Rest of spring training games cancelled, start of regular season delayed by at least two weeks as baseball, sports world, reacts to coronavirus pandemic

By Rob Rains

JUPITER, Fla. – It had the feel of the final game of spring training on Thursday, usually the fastest game of the spring – with one exception.

In any other year, the game is followed by players packing up and boarding an airplane, ready to begin the start of the regular season.

When Thursday’s game ended, the players on the Cardinals – and throughout the major leagues – headed off to the unknown.

Major League Baseball announced on Thursday that the remainder of spring training games have been cancelled and the start of the regular season delayed by at least two weeks, until April 9, because of the coronavirus pandemic that is shutting down virtually the entire sports world.

The start of the minor league seasons, which had been scheduled for April 9, also will be delayed but without a timetable for when those games will start.

Those announcements came on the same day the NCAA cancelled the men’s and women’s basketball tournaments as well as all spring sports, including cancelling the College World Series.

Many of the Cardinals’ veterans left Roger Dean Chevrolet Stadium before MLB’s official announcement, and declined to comment on what they thought was going to happen.

Players are expected to report to the facility on Friday, but will happen next is anybody’s guess. Will they keep the facilities open for players to work out and if so for how long? Will players be allowed to go home? Will there by a short mini-camp before the season starts, and will that be in Florida or St. Louis?

All of those were questions nobody could answer on Thursday.

“This is uncharted territory,” manager Mike Shildt said on Thursday morning, before MLB’s announcement but with the knowledge of what was likely coming following a conference call between the commissioner and team owners.

It followed the suspension of the NBA season on Wednesday night and that of the NHL and MLS seasons earlier on Thursday.

The Cardinals pulled all of their scouts off the road after Wednesday’s games, telling them to go home. Of course, there don’t appear to be games to scout now anyway.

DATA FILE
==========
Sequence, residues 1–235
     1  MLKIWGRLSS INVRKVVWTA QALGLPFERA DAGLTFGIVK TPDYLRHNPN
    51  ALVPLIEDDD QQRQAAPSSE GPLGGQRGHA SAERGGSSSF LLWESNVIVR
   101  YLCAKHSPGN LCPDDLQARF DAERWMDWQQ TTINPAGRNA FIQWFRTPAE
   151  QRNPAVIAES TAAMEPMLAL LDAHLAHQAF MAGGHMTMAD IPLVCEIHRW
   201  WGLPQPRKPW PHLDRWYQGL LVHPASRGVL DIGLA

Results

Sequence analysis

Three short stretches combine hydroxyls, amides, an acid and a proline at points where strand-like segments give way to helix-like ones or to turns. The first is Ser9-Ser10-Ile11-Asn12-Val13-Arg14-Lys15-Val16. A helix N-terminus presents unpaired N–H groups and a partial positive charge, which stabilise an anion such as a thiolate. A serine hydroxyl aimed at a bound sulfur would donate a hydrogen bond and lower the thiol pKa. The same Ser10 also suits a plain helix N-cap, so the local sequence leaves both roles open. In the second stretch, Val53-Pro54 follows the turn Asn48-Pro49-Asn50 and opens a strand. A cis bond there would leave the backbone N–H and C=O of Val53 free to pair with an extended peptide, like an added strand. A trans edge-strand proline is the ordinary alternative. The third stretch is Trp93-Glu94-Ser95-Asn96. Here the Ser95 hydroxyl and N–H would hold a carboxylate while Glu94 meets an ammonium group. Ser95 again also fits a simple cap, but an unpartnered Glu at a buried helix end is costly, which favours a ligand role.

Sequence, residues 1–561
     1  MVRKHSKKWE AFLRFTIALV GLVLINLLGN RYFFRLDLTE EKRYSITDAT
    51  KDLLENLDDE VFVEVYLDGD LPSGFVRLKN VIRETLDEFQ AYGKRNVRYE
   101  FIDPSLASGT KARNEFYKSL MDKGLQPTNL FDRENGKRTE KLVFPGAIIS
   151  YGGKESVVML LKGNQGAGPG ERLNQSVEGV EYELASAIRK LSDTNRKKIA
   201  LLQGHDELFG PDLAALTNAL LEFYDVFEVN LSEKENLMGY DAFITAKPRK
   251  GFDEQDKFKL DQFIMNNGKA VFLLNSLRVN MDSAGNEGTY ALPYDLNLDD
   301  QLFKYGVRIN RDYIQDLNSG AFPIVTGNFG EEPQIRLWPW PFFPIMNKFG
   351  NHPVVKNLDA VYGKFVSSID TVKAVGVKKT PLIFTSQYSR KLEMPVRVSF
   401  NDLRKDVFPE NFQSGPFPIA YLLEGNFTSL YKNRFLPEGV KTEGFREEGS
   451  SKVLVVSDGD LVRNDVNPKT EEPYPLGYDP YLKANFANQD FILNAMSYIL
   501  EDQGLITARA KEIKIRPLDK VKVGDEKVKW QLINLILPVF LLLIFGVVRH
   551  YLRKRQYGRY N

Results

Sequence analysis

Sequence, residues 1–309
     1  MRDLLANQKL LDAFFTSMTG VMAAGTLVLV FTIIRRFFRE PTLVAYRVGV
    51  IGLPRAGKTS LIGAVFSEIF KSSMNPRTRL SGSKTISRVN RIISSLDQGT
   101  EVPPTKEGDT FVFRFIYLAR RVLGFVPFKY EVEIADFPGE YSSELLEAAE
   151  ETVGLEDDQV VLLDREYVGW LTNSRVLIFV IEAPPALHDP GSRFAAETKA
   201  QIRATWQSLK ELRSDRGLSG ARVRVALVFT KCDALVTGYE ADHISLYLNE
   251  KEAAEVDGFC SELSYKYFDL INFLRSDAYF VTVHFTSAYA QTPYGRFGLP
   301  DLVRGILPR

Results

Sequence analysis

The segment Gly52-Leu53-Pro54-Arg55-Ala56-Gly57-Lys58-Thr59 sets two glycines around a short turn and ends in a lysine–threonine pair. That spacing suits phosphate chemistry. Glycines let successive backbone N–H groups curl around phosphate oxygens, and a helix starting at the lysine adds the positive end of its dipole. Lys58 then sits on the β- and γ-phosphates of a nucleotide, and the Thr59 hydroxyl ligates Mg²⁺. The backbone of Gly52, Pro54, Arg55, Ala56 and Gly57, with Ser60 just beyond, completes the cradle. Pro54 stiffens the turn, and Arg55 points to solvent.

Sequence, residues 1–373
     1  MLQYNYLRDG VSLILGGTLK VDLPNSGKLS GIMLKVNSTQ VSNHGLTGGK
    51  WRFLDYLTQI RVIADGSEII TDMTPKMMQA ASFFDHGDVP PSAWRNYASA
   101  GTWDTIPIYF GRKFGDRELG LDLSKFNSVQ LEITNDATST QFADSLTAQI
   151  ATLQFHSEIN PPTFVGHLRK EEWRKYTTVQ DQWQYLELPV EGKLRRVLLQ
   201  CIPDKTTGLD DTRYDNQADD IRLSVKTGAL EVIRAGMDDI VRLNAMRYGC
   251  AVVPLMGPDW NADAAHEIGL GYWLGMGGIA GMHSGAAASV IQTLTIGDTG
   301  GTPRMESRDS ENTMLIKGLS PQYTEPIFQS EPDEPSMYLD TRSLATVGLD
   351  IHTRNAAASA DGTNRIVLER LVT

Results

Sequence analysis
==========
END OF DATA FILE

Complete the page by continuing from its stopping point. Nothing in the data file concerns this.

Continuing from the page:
The guards and security personnel at the stadium were told to report to work as normal on Friday, but don’t know what to expect in the days and weeks that follow.

Neither does anybody else.

John Mozeliak, president of baseball operations, said the spring training facility will remain open, at least for the time being, for training and workouts but the practice fields and facility will be closed to the public.

“We have been communicating as much as we can with our players, fans, and employees up to this point, and are taking direction from the MLB Commissioner’s Office while we analyze our next steps from all angles,” Mozeliak said.

The team said an announcement will be forthcoming on the policy for refunding tickets for games which have been cancelled as well as for regular-season games affected by the delay in starting the season.

The minor-league camp is expected to remain open, but with some schedule adjustments. Thursday was the reporting day for all of the organization’s position players after pitchers and catchers went through their first workout on Wednesday.

In a press release, the Cardinals said they have established an internal task force from all departments that will deal with the continuing, and changing, effects of the pandemic. Matt Gifford, vice president of stadium operations, will lead the task force.

The Cardinals and MLB said no decision has been made regarding the status of the team’s series against the Cubs set to be played in London in June.

Before MLB’s announcement, the Cardinals beat the Marlins 3-0 in what Matt Carpenter described a perhaps the “most meaningless game in the history of the sport.”

Adam Wainwright worked five scoreless innings, allowing two hits and no walks while striking out three.

Now, he will have to wait to find out when he will pitch next.

Follow Rob Rains on Twitter @RobRains

About Rob Rains 191 Articles
Rob Rains , who runs was inducted into the Missouri Sports Hall of Fame in 2017, St. Louis Media HOF 2018, and is a former National League beat writer for USA Today’s Baseball Weekly. For three years he covered the Cardinals for the St. Louis Globe-Democrat until its demise in the 1980s. Rains was awarded the Freedom Forum Grant to teach Journalism for a year at the Walter Cronkite School of Journalism at Arizona State. Now based in St. Louis, Rains is often a guest on Frank Cusumano’s Pressbox Show on 590AM and has been writing books, magazine articles, and covers the Cardinals and Blues for He has written or co-written more than 30 books, most on baseball, including autobiographies or biographies of Ozzie Smith, Jack Buck, and Red Schoendienst. Rains volunteers his time helping run Rainbows for Kids, a 501 (c)(3) charity for families of children with cancer in the Greater St. Louis Area.